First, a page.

2700 Series - Process Valve - Pressure Relief Valve

Product Brand: Farris

Designed to provide customers with the widest selection of sizes, orifices, and construction materials, the Series 2700 meets the exact demands of the process industry.


The 2700 Series pressure relief valve, also known as an expansion relief valve, features a superior design that handles air, steam, vapor, and liquid services. In addition, the fixed blowdown design simplifies testing and repair, and the maximum interchangeability of parts allows for easy maintenance.



  • Metal Seat with optional o-ring
  • Balanced design option
  • Flanged option
  • Optional welding nipple and sanitary connections
General Specifications:
Size 1/2” x 1” to 1-1/2” x 2-1/2”
Orifice Areas C (0.068 sq2) to G Orifice (0.573 sq2)
Set Pressure Ranges 15 to 6500 psig (1.0 to 413 barg)
Temperature Ranges -320 to 750°F (-195 to 399°C)
Flange Classes 150# – 2500#
Suitable for Air, Gas, Vapor, Steam & Liquid Service
Materials of Construction Carbon Steel
Stainless Steel
Low/High Temperature Alloy Steels
Hastelloy C
NACE Compliant Materials


  • ASME/NB Section VIII and III for Air, Steam and Water
  • CSA B51 (Canada CRN)
  • ISO 9001- 2008
  • PED 97/23/EC (European Pressure Equipment Directive)
  • ATEX 94/9/EC (European Potentially Explosive Atmospheres)
  • CSQL (China)
  • GOST-R (Russian)
  • US Coast Guard
  • Nuclear – 10 CRF 50 Appendix B, NCA-4000, NQA-1 N285.0
  • First Point Assessment Limited


Expansion relief valves, also referred to as PRV’s, pressure relief valves, or safety valves, are designed to protect system tanks from overpressure, therefore a vital component.  Overpressure can be caused by several things, including failure of an expansion vessel or a pressure-reducing valve.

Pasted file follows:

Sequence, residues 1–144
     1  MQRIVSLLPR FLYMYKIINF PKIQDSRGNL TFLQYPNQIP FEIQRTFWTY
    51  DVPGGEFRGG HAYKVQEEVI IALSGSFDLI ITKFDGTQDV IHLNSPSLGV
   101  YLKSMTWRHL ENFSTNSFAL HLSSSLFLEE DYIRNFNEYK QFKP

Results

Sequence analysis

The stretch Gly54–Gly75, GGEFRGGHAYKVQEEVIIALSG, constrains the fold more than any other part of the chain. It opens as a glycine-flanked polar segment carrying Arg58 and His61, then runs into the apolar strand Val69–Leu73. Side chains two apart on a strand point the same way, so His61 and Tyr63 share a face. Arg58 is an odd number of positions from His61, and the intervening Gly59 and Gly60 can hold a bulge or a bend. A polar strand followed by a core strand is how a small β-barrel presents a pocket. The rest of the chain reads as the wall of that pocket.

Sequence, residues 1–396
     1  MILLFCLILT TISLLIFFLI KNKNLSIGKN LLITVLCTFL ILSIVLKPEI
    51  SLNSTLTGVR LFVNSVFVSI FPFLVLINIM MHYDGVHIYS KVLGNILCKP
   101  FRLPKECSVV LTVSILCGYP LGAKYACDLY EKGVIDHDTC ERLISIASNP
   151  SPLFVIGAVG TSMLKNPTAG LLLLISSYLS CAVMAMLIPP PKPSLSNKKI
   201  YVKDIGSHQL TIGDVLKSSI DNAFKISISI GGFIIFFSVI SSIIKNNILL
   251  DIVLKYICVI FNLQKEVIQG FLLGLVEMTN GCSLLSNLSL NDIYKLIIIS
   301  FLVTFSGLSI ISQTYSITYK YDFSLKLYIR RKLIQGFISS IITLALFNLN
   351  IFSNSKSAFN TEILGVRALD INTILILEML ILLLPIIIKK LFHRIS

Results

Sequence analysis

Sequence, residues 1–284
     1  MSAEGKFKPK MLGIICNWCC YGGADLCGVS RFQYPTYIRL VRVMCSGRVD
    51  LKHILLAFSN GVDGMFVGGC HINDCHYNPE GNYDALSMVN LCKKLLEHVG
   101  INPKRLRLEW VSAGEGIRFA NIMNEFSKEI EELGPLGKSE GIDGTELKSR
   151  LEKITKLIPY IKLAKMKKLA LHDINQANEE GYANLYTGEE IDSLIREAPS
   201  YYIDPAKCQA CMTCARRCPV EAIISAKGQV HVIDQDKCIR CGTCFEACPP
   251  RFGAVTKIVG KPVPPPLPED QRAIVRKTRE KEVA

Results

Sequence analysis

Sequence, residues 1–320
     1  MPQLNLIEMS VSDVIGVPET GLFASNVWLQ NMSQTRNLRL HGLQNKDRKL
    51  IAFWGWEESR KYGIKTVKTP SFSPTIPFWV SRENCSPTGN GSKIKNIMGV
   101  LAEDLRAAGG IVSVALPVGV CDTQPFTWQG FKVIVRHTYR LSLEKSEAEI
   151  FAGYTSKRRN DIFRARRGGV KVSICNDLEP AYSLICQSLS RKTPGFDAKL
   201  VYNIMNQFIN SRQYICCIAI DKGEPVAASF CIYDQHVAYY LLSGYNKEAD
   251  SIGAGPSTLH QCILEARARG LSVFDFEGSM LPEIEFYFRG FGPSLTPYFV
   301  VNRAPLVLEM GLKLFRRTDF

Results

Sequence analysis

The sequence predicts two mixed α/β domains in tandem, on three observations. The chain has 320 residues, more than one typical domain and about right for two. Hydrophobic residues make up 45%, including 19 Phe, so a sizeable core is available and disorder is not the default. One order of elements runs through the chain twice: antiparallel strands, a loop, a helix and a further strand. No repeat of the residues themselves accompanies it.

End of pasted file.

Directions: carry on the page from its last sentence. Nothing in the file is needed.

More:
Carrying on pressure tests on systems consists of adjusting the valve set pressure, performing a seat l,eakage test and a backpressure test. The set pressure test is always performed first.

For information on how to perform pressure testing, please see the related document here.



Expansion relief valves are used in a range of industry demanding applications where pressure levels are critical for operation. Applications and industries include:

  • Oil and gas
  • Petrochemical
  • Power generation (using steam, air, gas or liquid.)


What does a pressure relief valve do?

Air pressure relief valves, also known as PRVs or safety release valves, are installed to prevent pressure buildup. The valve opens slowly to release pressure when the level becomes too high.

Why do I need a pressure relief valve?

If the pressure within an air compressor system gets too high, one of the components inside could explode. Essentially, pressure relief valves are designed to prevent uncontrolled depressurization events from occurring, protecting surrounding nearby equipment and employees during overpressure events.

How do you perform a backpressure test on an expansion relief valve?

To carry out a backpressure test, follow the following steps:

  1. The backpressure test applies to all valves designed to discharge to a closed system, including valves with plain caps and packed lever assemblies.
  2. Test the secondary pressure zone of all valves exceeding 1" inlet size with air or other suitable gas at a pressure of at least 30 psi. Use a suitable leak detection solution to verify tightness of all gasket joints and vent/drain plugs.
  3. If leakage is detected at any location, rework the valve to eliminate the leak path.

How does a expansion relief valve work?

Expansion relief valves are often known as pressure relief valves and for a good reason. They come with a preset pressure built into their design to ensure once the valve recognizes the pressure limit, it opens to release the pressure-flow (fluid of compressed air) safely.

Where should a pressure relief be located?

It’s advisable to permanently mount pressure relief valves in a vertical position so the spindle sits correctly and can operate effectively. Overtightening the valve can cause damage to the inlet and cause leakage too. For the inlet piping, keep it short and direct, it should have a shorter diameter than the valve, and it should always be far away from turbulence or vibration in the operating system. 

What causes a pressure relief valve to go off?

A pressure relief valve can encounter overpressure or failure for many reasons, but the most common reasons are typically blocked discharge in the system, contaminants like dirt, rust, or sludge, or even valve misalignment can cause the pressure relief valve to fail. Maintenance and proper inspection periodically can help eliminate leakages, allowing a safe environment for operation and the operators.  

2700 Series - Process Valve - Pressure Relief Valve
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